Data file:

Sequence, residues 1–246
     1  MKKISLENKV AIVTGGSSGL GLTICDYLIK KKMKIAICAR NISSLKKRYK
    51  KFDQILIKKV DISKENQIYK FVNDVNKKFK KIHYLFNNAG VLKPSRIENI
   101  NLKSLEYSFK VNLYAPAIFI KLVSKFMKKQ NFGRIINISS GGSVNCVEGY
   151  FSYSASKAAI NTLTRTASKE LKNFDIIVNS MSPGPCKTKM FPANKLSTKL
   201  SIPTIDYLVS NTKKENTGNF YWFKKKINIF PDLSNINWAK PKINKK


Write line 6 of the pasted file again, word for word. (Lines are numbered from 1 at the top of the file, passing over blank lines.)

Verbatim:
   201  SIPTIDYLVS NTKKENTGNF YWFKKKINIF PDLSNINWAK PKINKK